Healing a Leper
12 While#tn Grk “And it happened that while.” The introductory phrase ἐγένετο (egeneto, “it happened that”), common in Luke (69 times) and Acts (54 times), is redundant in contemporary English and has not been translated. Jesus#tn Grk “he”; the referent (Jesus) has been specified in the translation for clarity. was in one of the towns,#tn Or “cities.” a man came#tn Grk “towns, behold, a man covered with leprosy.” The Greek word ἰδού (idou, “behold”) has not been translated because it has no exact English equivalent here, but adds interest and emphasis (BDAG 468 s.v. 1). to him who was covered with#tn Grk “full of leprosy” (an idiom for a severe condition). leprosy.#sn The ancient term for leprosy covers a wider array of conditions than what is called leprosy today. A leper was totally ostracized from society until he was declared cured (Lev 13:45-46). When#tn Grk “And seeing.” Because of the difference between Greek style, which often begins sentences or clauses with “and,” and English style, which generally does not, δέ (de) has not been translated here. The participle ἰδών (idwn) has been taken temporally. he saw Jesus, he bowed down with his face to the ground#tn Grk “he fell on his face”; an idiom for bowing down with one’s face to the ground. and begged him,#tn Grk “and begged him, saying.” The participle λέγων (legwn) is redundant in English and has not been translated. “Lord, if#tn This is a third class condition. The report portrays the leper making no presumptions about whether Jesus will heal him or not. you are willing, you can make me clean.” 13 So#tn Here καί (kai) has been translated as “so” to indicate the response of Jesus to the man’s request. he stretched out his hand and touched#sn Touched. This touch would have rendered Jesus ceremonially unclean (Lev 14:46; also Mishnah, m. Nega’im 3.1; 11.1; 12.1; 13.6-12). him, saying, “I am willing. Be clean!” And immediately the leprosy left him. 14 Then#tn Here καί (kai) has been translated as “then” to indicate the implied sequence of events within the narrative. he ordered the man#tn Grk “him”; the referent (the man) has been specified in the translation for clarity. to tell no one,#sn The silence ordered by Jesus was probably meant to last only until the cleansing took place with the priests and sought to prevent Jesus’ healings from becoming the central focus of the people’s reaction to him. See also 4:35, 41; 8:56 for other cases where Jesus asks for silence with reference to miracles. but commanded him,#tn The words “commanded him” are not in the Greek text but have been supplied for clarity. This verse moves from indirect to direct discourse. This abrupt change is very awkward, so the words have been supplied to smooth out the transition. “Go#tn Grk “Going, show.” The participle ἀπελθών (apelqwn) has been translated as an attendant circumstance participle. Here the syntax also changes somewhat abruptly from indirect discourse to direct discourse. and show yourself to a priest, and bring the offering#tn The words “the offering” are not in the Greek text, but are implied. Direct objects were frequently omitted in Greek when clear from the context. for your cleansing, as Moses commanded,#sn On the phrase as Moses commanded see Lev 14:1-32. as a testimony to them.”#tn Or “as an indictment against them”; or “as proof to the people.” This phrase could be taken as referring to a positive witness to the priests, a negative testimony against them, or as a testimony to the community that the man had indeed been cured. In any case, the testimony shows that Jesus is healing and ministering to those in need. 15 But the news about him spread even more,#sn That is, in spite of Jesus’ instructions to the man to tell no one about the healing (v. 14). and large crowds were gathering together to hear him#tn The word “him” is not in the Greek text, but is implied. Direct objects were frequently omitted in Greek when clear from the context. and to be healed of their illnesses. 16 Yet Jesus himself#tn Here αὐτός (autos) has been translated reflexively. frequently withdrew#tn Grk “was withdrawing” (ἦν ὑποχωρῶν, hn jJupocwrwn). The adverb “frequently” has been added in the translation to bring out what is most likely an iterative force to the imperfect. However, the imperfect might instead portray an ingressive idea: “he began to withdraw.” See ExSyn 542-43. to the wilderness#tn Or “desert.” and prayed.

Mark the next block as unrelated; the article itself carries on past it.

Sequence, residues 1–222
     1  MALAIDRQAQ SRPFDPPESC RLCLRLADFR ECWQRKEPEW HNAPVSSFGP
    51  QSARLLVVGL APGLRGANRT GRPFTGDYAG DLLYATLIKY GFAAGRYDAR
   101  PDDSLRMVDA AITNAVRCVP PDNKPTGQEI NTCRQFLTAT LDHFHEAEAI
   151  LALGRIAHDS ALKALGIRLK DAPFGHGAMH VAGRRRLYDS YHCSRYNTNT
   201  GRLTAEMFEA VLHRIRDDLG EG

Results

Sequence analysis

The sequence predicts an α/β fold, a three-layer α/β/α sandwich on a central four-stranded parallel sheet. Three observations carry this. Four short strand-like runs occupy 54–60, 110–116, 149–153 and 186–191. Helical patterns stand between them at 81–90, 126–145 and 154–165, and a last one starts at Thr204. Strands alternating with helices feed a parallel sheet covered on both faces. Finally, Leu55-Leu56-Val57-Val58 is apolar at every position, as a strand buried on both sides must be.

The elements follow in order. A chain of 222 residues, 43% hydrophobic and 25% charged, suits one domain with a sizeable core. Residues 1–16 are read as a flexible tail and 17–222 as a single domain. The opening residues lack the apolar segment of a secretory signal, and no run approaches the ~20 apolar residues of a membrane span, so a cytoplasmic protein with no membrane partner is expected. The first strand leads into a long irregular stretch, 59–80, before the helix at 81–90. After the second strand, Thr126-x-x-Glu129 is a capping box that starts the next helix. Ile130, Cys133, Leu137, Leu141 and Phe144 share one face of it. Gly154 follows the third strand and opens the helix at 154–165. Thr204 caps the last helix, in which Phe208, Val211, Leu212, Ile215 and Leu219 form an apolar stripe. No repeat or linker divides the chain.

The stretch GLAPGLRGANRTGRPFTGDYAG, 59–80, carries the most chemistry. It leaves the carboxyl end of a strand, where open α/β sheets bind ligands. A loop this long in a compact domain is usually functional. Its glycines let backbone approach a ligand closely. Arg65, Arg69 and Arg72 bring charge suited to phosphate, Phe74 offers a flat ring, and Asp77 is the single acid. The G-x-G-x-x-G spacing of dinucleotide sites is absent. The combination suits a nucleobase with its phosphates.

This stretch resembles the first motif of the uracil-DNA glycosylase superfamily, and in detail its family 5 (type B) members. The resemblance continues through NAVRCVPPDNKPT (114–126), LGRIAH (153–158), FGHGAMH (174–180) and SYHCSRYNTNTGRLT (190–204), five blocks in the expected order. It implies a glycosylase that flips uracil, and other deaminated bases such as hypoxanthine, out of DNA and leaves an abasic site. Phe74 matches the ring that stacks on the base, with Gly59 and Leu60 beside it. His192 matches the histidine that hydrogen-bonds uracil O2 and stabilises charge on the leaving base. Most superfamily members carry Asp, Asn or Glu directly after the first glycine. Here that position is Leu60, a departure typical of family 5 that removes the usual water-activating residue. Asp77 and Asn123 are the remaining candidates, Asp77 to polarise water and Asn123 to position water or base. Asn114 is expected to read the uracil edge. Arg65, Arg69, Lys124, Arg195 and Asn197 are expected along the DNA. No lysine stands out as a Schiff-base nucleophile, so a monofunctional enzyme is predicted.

Healing and Forgiving a Paralytic